He asked Tracy Griggs Farr to do everything in her power to have the unnamed creek that flows through his family’s former property near the Thurston-Mason County line formally recognized as Griggs Creek in honor of his long-deceased parents, George and Edna Griggs, and other family members.
“If anybody can do it, you can,” he told her.
Farr took on her uncle’s request with a spirited, can-do attitude born out of her love of family history. She is closing in on an official state designation of this small stream that flows under U.S. Highway 101 into Schneiders Creek, just before that creek enters Oyster Bay and Totten Inlet.
When the state Committee on Geographic Names meets Oct. 19 in Olympia, the Griggs Creek proposal will be on the agenda. If the seven-member committee approves the naming of the creek, the proposal will advance to the state Board of Natural Resources, acting as the state Board on Geographic Names, for a final decision.
State Department of Natural Resources employee Caleb Maki, who serves as the executive secretary of the geographic names committee, is hesitant to prejudge the committee’s ruling. But he has high praise for Farr’s effort, which included a narrative of the family’s connection to the creek compiled from interviews with family members, copies of 60-year-old state permits that allowed the family to withdraw water from the creek for irrigation purposes, and reprints of family photos showing life on the modest, one-acre farm.
“Tracy has done an excellent job; she has really done her homework,” Maki said. “I don’t see any red flags in the application.”
To get this far with the project, Farr had to submit the application to the committee for review at its May meeting. That gave her three months to pull together all the family history and support documents to make the case for Griggs Creek.
“My first reaction when my uncle asked me to do this was, Where do I start?”’ she recalled.
She turned to the state Department of Natural Resources website to learn more about the process for naming unnamed natural features such as streams, mountain peaks, lakes and bays. Then she called Maki, who sent her a detailed application package.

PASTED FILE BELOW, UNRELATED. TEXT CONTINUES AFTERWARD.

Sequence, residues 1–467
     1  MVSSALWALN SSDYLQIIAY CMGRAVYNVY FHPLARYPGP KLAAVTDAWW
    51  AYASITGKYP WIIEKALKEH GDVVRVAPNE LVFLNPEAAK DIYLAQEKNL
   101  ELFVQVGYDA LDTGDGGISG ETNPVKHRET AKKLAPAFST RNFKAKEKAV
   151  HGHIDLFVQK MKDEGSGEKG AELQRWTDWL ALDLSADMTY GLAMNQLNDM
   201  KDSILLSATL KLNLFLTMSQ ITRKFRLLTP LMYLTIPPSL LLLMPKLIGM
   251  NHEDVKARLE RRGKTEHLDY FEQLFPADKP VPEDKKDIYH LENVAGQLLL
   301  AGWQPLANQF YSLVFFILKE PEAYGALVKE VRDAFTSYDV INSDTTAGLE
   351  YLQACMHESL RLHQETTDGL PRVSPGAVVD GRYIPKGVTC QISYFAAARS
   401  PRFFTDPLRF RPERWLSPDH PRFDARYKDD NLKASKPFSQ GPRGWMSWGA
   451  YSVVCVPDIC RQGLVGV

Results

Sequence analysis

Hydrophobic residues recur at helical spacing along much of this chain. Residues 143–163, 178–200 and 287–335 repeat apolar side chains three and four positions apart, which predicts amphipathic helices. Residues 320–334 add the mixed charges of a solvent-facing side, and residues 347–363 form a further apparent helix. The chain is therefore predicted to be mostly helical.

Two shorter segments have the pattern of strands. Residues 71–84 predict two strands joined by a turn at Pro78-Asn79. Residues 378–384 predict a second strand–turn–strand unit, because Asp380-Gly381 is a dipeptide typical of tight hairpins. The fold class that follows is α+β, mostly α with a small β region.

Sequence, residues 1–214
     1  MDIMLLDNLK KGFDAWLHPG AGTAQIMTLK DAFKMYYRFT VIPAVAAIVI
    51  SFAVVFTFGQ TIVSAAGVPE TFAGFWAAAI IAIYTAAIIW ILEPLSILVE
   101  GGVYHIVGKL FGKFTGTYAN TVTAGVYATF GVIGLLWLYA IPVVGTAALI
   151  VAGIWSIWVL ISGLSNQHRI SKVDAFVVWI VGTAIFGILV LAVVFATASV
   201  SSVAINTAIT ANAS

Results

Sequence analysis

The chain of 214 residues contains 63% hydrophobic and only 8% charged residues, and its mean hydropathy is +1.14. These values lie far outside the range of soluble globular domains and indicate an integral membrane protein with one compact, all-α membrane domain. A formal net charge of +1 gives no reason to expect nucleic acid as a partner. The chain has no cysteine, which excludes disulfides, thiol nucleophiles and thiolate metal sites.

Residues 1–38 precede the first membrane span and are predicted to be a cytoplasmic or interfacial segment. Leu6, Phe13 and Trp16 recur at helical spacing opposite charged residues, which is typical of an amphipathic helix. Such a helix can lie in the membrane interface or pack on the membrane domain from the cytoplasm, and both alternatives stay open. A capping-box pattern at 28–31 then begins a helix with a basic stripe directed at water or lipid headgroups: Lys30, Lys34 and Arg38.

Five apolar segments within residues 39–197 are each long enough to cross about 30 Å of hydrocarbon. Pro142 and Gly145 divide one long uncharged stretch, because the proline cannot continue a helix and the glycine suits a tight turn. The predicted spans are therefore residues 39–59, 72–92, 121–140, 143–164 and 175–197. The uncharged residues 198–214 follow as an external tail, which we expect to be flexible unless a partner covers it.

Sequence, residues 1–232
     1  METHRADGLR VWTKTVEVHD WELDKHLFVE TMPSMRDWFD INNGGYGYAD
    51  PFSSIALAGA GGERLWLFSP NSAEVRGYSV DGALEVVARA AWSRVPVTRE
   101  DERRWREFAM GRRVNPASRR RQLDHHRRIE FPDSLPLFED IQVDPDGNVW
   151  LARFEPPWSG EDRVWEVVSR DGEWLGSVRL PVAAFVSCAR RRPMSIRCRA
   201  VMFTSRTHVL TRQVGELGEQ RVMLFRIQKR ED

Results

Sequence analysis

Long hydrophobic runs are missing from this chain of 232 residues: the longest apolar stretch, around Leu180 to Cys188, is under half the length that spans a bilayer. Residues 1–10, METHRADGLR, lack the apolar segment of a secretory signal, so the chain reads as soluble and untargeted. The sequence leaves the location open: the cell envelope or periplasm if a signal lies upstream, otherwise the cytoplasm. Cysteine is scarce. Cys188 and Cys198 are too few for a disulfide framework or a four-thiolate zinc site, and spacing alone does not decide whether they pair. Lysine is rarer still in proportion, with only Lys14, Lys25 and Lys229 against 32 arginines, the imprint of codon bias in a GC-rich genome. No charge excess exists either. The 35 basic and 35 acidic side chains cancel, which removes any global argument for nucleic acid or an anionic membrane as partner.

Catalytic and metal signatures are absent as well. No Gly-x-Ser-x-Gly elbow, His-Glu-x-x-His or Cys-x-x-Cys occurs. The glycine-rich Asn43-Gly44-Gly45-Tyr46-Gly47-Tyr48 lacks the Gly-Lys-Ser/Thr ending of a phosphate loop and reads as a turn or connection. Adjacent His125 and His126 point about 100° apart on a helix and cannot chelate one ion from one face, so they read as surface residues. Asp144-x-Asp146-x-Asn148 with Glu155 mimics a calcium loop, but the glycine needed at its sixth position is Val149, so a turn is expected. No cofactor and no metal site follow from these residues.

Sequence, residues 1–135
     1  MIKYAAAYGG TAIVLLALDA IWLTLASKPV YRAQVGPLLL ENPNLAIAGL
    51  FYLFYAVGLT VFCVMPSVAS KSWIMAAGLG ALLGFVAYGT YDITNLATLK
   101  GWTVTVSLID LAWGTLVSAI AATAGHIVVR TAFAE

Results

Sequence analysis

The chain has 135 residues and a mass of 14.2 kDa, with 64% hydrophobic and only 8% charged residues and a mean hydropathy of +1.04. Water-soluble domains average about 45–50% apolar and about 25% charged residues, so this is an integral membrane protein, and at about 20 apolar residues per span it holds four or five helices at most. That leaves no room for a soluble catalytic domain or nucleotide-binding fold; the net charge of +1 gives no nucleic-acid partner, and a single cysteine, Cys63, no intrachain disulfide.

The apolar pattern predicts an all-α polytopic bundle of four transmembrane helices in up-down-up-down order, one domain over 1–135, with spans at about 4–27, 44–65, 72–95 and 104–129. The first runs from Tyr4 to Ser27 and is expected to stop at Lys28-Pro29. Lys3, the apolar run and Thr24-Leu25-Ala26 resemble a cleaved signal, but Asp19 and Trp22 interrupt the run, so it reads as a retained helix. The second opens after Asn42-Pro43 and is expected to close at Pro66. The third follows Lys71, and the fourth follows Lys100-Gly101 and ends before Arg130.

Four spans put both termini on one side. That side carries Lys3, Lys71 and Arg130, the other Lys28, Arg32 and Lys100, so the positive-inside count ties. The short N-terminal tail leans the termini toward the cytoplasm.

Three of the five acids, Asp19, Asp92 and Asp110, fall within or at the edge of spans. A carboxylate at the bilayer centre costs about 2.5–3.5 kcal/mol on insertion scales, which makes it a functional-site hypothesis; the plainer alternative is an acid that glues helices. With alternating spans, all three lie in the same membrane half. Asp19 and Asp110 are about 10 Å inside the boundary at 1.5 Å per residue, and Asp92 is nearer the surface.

Here’s some of the family history Farr learned while doing the research:
The Griggs family settled in the Kamilche Valley in Mason County more than 100 years ago, but her grandparents lost the family farm in the Great Depression. They moved across the county line into Thurston County in the late 1920s, taking up residence in a house that once served as a stage coach stop along old Highway 9.
Her grandparents raised five children in the home. The creek flowed right past the house and was used by the Griggs family for drinking water, water for livestock, bathing, irrigation of the garden and food storage.
“I remember catching minnows and crawdads in the creek,” Farr’s dad, Bernard Griggs, 80, said the other day. “The creek was our playground.”
At the headwaters of the spring-fed creek about a mile from the home stood a mill where railroad timbers were produced for some of the logging railroads that ran like veins through the forests of Mason, Thurston and Grays Harbor counties.
“All of the family members and neighbors in the area at the time referred to the creek as Griggs Creek,” Farr said in her application. “Most used it as a form of direction. For example, from Schneiders Prairie, go to Griggs Creek, then on to Kennedy Creek, then up Hurley-Waldrip Road.”
Life at the old stage coach stop next to the creek came to an abrupt halt in the late 1950s when the state used its power of eminent domain to purchase the place, which also included a second home occupied by Glen Griggs, to make room for construction of the new stretch of U.S. Highway 101.
“Doing this research opened up a whole chapter of my family history,” said Farr, a South Bay resident with a penchant for wood carving and horseback riding. “For one thing, I learned how hard everybody struggled during the Depression.”
Ironically, Farr has never had a chance to visit the property or walk along the year-round creek.
“I’ve wanted to stop and look at it, but I never have,” she said. “I want to walk it this winter when the leaves are off the trees.”
The state Committee on Geographic Names should make that walk an even more pleasurable one by voicing its support for the naming of Griggs Creek.